21 This paper focuses primarily on the estimation of saturation flow rate and adjustment factors for signalized intersections in Makkah. Results show that the ideal saturation flow rate in Makkah is 2500 pcphpl. Although the value is about 30 percent higher than that recommended in the Highway Capacity Manual (2000), it is consistent with observations in countries with a similar traffic environment. For example, Bester and Mayers (2007) reported a saturation flow rate of more than 2500 pcphpl in South Africa. Furthermore, studies on the transferability of HCM rates to Asian countries showed that the HCM rates substantially underestimate roadway capacities applicable in those regions. Besides the general observation of aggressive driving behavior in Saudi Arabia, as demonstrated by ubiquitous tail-gating and rapid acceleration patterns, higher values of saturation flow rate in Saudi Arabia might result from prolonged heavily congested situations and a capacity bubble factor (Zunhwan et al., 2005). Further research is necessary to measure the marginal effects of these factors on capacity.

22 U-turn adjustment factors found in the study are consistent with those suggested for North America (Liu et al., 2005 and Carter et al., 2005), but higher than the values recommended for Taiwan (Tsao and Chu, 1996). The heavy vehicle adjustment factor was found to be similar to that found in other studies and results suggest that roadway capacity reduces rapidly with an increase in the numbers of heavy vehicles in the traffic composition. The effects of numbers of lanes and lane width were found to be higher in Makkah than in other cities (Tsao and Chu, 1996; Liu et al., 2005 and Lewis and Benekohal, 2007). Results suggest that the road network in Makkah should be designed for more than three lanes having lane width exceeding 3.5m for efficient utilization of road space.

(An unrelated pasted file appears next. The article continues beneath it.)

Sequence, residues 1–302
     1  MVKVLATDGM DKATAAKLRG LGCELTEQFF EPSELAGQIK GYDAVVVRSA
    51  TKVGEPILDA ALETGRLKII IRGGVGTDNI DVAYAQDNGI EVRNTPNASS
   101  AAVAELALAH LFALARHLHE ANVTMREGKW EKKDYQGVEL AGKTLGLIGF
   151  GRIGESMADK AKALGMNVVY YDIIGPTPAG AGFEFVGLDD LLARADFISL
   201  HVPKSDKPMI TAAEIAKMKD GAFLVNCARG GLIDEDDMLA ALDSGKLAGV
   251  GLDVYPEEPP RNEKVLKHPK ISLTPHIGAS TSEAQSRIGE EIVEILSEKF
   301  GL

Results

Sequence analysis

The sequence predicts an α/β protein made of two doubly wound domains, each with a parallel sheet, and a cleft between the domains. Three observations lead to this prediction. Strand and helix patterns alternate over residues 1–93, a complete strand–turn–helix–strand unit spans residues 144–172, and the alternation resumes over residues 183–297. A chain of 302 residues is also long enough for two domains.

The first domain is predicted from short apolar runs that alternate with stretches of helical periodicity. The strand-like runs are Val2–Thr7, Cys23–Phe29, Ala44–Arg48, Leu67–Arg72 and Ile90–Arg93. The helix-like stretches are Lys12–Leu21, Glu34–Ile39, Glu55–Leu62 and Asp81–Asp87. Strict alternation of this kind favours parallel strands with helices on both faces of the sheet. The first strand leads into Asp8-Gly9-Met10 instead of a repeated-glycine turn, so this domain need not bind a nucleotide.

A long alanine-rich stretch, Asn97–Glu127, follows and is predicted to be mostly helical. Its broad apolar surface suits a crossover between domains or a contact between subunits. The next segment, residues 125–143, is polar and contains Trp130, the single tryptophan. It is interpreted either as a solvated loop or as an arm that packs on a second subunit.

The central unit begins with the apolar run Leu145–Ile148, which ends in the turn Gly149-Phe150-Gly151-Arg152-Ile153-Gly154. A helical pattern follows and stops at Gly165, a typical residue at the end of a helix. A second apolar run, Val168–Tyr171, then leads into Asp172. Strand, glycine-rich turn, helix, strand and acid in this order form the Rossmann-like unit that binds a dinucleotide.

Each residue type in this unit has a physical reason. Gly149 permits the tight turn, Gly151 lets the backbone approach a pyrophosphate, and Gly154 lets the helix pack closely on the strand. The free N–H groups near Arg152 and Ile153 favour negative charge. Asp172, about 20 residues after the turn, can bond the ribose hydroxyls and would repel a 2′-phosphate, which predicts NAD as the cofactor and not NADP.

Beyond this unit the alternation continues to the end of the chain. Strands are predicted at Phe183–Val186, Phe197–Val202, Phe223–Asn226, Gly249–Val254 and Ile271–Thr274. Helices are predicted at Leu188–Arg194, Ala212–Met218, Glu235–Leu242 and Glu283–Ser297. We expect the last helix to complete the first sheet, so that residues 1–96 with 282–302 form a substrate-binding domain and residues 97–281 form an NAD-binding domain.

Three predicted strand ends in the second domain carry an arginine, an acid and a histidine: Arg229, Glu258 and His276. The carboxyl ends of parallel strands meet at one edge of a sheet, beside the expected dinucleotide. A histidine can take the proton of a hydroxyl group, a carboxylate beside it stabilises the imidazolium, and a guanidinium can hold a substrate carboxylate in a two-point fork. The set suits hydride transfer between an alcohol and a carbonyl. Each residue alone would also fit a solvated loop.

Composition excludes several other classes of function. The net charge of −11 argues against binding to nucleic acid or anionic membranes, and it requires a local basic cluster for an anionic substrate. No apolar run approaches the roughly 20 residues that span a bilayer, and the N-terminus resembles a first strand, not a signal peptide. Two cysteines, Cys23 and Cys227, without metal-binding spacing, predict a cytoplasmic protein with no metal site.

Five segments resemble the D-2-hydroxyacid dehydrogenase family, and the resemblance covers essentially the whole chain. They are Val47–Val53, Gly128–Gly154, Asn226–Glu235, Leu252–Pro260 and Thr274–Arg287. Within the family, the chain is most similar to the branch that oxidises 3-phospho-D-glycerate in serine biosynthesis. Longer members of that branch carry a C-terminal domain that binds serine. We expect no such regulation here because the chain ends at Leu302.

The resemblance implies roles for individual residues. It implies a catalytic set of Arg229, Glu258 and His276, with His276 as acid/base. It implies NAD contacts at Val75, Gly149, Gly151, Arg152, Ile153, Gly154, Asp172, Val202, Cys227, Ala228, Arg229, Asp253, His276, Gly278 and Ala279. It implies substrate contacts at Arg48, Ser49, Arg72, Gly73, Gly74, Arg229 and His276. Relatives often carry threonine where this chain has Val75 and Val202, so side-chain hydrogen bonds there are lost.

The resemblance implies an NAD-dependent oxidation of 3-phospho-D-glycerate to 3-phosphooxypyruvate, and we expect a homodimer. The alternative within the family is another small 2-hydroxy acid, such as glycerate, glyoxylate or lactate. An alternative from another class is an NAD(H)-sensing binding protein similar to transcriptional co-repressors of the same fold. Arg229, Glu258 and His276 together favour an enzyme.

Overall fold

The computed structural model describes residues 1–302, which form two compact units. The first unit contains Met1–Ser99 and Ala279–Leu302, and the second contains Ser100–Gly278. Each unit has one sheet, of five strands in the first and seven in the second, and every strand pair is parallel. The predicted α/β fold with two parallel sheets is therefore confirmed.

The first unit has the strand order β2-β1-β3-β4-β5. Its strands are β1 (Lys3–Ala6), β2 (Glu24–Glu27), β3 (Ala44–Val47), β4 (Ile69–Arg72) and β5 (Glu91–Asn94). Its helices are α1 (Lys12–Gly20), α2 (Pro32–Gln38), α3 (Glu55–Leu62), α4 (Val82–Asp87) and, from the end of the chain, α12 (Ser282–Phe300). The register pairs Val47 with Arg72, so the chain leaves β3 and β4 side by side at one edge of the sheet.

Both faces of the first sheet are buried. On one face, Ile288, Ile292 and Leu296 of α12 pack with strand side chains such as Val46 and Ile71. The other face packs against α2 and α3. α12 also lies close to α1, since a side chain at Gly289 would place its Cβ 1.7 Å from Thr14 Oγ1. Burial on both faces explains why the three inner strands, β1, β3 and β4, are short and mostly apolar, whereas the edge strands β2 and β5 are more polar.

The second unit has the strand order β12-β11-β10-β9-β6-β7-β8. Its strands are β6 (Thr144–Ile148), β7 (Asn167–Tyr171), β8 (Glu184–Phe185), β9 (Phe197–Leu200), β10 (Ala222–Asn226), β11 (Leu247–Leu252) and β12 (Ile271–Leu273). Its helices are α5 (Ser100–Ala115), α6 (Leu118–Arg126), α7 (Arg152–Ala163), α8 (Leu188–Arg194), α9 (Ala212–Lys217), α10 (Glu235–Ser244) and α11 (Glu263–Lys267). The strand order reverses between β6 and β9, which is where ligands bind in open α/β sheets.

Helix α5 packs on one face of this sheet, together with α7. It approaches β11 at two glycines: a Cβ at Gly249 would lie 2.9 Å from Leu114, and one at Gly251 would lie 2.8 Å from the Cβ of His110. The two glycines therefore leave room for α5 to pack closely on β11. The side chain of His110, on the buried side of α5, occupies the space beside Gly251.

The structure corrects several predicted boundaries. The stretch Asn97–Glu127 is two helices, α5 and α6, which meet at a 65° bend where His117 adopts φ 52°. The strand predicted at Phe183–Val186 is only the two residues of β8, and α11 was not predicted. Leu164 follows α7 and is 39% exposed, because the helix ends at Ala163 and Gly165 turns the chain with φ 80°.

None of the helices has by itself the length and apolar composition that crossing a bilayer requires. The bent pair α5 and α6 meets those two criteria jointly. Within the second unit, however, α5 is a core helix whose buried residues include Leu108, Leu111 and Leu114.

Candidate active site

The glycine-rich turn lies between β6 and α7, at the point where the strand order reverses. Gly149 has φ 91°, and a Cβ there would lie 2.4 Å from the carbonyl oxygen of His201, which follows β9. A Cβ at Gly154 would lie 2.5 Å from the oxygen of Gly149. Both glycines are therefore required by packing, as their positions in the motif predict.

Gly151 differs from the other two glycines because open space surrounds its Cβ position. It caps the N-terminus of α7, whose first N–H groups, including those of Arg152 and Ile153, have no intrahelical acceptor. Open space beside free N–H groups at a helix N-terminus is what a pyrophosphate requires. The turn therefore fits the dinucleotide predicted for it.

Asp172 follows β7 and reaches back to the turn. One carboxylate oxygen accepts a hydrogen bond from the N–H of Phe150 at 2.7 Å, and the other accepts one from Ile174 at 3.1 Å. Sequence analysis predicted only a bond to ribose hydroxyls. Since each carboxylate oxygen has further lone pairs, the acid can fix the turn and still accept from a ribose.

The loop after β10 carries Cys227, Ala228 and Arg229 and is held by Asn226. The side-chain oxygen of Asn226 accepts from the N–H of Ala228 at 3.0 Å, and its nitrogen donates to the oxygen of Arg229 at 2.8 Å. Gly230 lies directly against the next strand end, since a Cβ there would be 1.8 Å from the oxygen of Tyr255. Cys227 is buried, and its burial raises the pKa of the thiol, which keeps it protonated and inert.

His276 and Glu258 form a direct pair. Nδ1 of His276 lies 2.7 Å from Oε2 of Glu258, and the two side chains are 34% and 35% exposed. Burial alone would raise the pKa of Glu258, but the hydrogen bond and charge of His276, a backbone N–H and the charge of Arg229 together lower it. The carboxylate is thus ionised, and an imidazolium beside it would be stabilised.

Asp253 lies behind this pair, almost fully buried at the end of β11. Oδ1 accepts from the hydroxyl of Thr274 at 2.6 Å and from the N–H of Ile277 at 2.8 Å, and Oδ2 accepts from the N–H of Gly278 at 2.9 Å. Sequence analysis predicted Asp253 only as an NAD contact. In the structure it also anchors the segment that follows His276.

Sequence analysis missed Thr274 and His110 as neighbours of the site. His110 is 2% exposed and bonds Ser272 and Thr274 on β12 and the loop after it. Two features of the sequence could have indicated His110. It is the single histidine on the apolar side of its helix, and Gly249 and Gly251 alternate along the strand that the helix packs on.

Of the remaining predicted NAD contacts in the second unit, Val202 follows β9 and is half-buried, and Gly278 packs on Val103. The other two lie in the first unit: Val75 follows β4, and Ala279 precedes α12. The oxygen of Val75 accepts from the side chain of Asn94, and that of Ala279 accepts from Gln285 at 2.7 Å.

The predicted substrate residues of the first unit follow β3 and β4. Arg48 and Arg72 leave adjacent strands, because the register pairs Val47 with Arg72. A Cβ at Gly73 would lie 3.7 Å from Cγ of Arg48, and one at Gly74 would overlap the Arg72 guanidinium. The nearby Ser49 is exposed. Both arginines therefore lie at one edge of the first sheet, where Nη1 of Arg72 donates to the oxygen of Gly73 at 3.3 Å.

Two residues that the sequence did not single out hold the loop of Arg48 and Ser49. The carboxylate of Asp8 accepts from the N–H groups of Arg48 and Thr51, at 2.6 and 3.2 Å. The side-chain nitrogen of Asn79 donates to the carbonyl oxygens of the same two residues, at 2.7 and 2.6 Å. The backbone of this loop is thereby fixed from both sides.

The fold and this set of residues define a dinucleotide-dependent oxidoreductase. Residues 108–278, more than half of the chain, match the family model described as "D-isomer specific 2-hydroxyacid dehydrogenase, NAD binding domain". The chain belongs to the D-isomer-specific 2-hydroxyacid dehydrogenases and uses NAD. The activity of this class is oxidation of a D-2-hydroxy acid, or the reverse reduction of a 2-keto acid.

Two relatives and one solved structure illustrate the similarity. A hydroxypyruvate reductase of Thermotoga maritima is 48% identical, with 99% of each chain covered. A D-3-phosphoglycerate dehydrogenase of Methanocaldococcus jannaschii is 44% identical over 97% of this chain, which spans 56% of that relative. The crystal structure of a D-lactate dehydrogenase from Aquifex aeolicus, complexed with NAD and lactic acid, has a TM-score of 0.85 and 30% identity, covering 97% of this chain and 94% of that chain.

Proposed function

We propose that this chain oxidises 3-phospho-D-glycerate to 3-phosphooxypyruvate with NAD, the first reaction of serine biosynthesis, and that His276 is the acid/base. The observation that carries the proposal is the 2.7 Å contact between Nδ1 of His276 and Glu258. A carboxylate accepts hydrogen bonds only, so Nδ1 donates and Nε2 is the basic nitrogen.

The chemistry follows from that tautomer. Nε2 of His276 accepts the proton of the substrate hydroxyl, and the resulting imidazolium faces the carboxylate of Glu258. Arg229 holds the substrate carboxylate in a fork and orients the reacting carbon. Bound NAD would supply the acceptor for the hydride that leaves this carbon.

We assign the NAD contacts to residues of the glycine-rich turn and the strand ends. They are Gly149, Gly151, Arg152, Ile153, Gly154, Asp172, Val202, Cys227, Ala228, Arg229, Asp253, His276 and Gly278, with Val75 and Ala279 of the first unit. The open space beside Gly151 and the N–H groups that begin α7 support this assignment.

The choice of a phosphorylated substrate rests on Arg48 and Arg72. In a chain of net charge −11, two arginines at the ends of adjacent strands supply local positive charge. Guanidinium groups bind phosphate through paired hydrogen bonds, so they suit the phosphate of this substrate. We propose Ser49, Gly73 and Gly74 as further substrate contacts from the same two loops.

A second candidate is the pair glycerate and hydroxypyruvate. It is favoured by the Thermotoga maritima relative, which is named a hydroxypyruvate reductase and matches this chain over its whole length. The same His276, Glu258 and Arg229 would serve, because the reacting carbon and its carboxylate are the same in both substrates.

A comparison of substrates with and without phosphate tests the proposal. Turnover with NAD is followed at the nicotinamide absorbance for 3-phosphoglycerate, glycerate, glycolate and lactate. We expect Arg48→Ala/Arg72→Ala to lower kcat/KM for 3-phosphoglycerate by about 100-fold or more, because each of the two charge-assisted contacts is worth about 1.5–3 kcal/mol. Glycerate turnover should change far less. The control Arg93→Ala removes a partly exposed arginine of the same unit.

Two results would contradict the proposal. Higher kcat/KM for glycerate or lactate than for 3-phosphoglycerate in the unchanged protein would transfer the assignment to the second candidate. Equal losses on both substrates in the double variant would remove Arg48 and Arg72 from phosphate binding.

23 Outputs of the study may be applied to the design and operation of road networks and traffic signals in urban areas in Saudi Arabia. Moreover, it will also help in characterizing driving behavior and devising strategies to improve the efficiency and safety of traffic system.

7.0 Conclusion

24 This paper analyses saturation flow rate and adjustment factors for signalized intersections in Makkah, Saudi Arabia. The saturation flow rate for ideal conditions in Makkah is 2500 pcphpl which is significantly higher than the value recommended by the HCM (2000). Analysis reveals that the adjustment factor for U-turns in the left-turn lane reduces with an increasing proportion of turning vehicles. It also suggests that heavy vehicles affect intersection capacity very severely and capacity reduces by 22 per cent for 30 per cent heavy vehicles in the traffic stream. Capacity also falls sharply for a reduction in the number of lanes and lane width. Output from this study is expected to assist in signal design and formulation of a Highway Capacity Manual for Saudi Arabia. Findings of the study demonstrate that the design parameters of the traffic system may vary significantly depending on the local characteristics. For traffic safety and efficiency these parameters should be assessed using local data. The research reported in this paper should be extended to incorporate other adjustment factors, and the effects of geometric, behavioral and environmental factors relating to local traffic condition should also be analyzed.